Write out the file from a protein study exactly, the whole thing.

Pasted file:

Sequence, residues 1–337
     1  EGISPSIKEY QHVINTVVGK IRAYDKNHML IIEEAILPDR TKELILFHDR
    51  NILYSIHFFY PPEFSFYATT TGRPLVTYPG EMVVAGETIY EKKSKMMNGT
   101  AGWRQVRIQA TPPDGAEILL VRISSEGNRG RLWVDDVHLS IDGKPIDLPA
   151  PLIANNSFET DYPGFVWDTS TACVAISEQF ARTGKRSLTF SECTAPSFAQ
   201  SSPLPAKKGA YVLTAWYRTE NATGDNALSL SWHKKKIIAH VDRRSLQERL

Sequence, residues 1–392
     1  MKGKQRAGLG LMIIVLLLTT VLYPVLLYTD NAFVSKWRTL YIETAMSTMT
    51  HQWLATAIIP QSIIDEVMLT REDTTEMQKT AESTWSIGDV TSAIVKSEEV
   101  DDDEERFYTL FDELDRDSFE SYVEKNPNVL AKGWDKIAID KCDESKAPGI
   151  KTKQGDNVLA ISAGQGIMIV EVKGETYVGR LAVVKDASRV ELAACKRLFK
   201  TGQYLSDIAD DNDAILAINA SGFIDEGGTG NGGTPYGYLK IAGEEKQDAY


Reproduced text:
Sequence, residues 1–337
     1  EGISPSIKEY QHVINTVVGK IRAYDKNHML IIEEAILPDR TKELILFHDR
    51  NILYSIHFFY PPEFSFYATT TGRPLVTYPG EMVVAGETIY EKKSKMMNGT
   101  AGWRQVRIQA TPPDGAEILL VRISSEGNRG RLWVDDVHLS IDGKPIDLPA
   151  PLIANNSFET DYPGFVWDTS TACVAISEQF ARTGKRSLTF SECTAPSFAQ
   201  SSPLPAKKGA YVLTAWYRTE NATGDNALSL SWHKKKIIAH VDRRSLQERL

Sequence, residues 1–392
     1  MKGKQRAGLG LMIIVLLLTT VLYPVLLYTD NAFVSKWRTL YIETAMSTMT
    51  HQWLATAIIP QSIIDEVMLT REDTTEMQKT AESTWSIGDV TSAIVKSEEV
   101  DDDEERFYTL FDELDRDSFE SYVEKNPNVL AKGWDKIAID KCDESKAPGI
   151  KTKQGDNVLA ISAGQGIMIV EVKGETYVGR LAVVKDASRV ELAACKRLFK
   201  TGQYLSDIAD DNDAILAINA SGFIDEGGTG NGGTPYGYLK IAGEEKQDAY